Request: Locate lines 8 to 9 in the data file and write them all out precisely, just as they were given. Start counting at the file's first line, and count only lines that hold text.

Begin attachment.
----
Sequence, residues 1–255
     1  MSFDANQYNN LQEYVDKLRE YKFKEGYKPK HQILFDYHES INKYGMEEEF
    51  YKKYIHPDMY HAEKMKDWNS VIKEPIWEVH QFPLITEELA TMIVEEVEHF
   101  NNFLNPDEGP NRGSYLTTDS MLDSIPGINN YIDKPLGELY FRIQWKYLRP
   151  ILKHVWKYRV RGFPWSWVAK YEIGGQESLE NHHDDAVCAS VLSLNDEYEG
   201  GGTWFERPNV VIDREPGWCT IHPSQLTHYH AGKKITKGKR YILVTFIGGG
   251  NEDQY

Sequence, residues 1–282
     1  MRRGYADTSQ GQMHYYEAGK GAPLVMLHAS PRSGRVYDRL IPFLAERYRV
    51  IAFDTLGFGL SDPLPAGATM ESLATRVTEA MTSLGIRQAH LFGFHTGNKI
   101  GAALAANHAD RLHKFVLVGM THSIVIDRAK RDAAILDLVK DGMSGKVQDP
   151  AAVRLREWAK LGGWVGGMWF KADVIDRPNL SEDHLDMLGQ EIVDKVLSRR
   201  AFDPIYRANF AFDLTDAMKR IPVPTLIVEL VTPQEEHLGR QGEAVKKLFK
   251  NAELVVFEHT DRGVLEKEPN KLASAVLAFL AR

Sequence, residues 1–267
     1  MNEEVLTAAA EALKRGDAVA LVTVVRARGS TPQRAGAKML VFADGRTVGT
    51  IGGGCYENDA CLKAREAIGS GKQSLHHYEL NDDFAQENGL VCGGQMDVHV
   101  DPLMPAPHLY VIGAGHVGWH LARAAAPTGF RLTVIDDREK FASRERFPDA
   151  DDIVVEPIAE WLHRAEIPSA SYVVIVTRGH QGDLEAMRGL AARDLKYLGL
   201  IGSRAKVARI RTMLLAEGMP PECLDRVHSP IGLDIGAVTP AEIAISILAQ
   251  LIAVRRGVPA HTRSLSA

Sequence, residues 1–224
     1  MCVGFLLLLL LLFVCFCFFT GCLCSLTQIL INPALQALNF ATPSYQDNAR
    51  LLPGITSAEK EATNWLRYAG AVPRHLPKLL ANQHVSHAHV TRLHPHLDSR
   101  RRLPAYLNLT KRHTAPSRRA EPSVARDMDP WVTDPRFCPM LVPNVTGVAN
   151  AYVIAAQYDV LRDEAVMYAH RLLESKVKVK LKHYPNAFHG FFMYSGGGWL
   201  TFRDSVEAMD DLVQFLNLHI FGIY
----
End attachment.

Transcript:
Sequence, residues 1–282
     1  MRRGYADTSQ GQMHYYEAGK GAPLVMLHAS PRSGRVYDRL IPFLAERYRV